Jeremy Clarkson 'does not see a problem' with his racist language on Top Gear, says BBC

Not even Jeremy Clarkson is bigger than the BBC, says TV boss

Corporation’s head of television confirms ‘Top Gear’ host was warned about racist language
Nick Clegg the movie: Channel 4 to air Coalition drama showing Lib Dem leader's rise

Nick Clegg the movie

Channel 4 to air Coalition drama showing Lib Dem leader's rise
Philip Larkin: Misogynist, racist, miserable? Or caring, playful man who lived for others?

Philip Larkin: What will survive of him?

Larkin's reputation has taken a knocking. But a new book by James Booth argues that the poet was affectionate, witty, entertaining and kind, as hitherto unseen letters, sketches and 'selfies' reveal
Madame Tussauds has shown off its Beyoncé waxwork in Regent's Park - but why is the tourist attraction still pulling in the crowds?

Waxing lyrical

Madame Tussauds has shown off its Beyoncé waxwork in Regent's Park - but why is the tourist attraction still pulling in the crowds?
Texas forensic astronomer finally pinpoints the exact birth of impressionism

Revealed (to the minute)

The precise time when impressionism was born
From slow-roasted to sugar-cured: how to make the most of the British tomato season

Make the most of British tomatoes

The British crop is at its tastiest and most abundant. Sudi Pigott shares her favourite recipes
10 best men's skincare products

Face it: 10 best men's skincare products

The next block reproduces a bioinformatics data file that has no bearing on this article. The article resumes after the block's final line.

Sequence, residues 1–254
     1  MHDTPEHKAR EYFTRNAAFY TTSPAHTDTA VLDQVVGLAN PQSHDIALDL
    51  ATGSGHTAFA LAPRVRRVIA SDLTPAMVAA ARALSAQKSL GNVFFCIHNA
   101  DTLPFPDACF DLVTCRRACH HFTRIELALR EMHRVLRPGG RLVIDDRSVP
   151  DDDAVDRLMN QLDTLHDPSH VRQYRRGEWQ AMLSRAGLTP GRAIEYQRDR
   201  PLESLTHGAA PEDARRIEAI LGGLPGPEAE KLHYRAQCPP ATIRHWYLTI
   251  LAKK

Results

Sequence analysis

Oscar Quine cleanses, tones and moisturises to find skin-savers blokes will be proud to display on the bathroom shelf
Malky Mackay allegations: Malky Mackay, Iain Moody and another grim day for English football

Mackay, Moody and another grim day for English football

The latest shocking claims do nothing to dispel the image that some in the game on these shores exist in a time warp, laments Sam Wallace
La Liga analysis: Will Barcelona's hopes go out of the window?

Will Barcelona's hopes go out of the window?

Pete Jenson starts his preview of the Spanish season, which begins on Saturday, by explaining how Fifa’s transfer ban will affect the Catalans
Middle East crisis: We know all too much about the cruelty of Isis – but all too little about who they are

We know all too much about the cruelty of Isis – but all too little about who they are

Now Obama has seen the next US reporter to be threatened with beheading, will he blink, asks Robert Fisk
Neanderthals lived alongside humans for centuries, latest study shows

Final resting place of our Neanderthal neighbours revealed

Bones dated to 40,000 years ago show species may have died out in Belgium species co-existed
Scottish independence: The new Scots who hold fate of the UK in their hands

The new Scots who hold fate of the UK in their hands

Scotland’s immigrants are as passionate about the future of their adopted nation as anyone else
Britain's ugliest buildings: Which monstrosities should be nominated for the Dead Prize?

Blight club: Britain's ugliest buildings

Following the architect Cameron Sinclair's introduction of the Dead Prize, an award for ugly buildings, John Rentoul reflects on some of the biggest blots on the UK landscape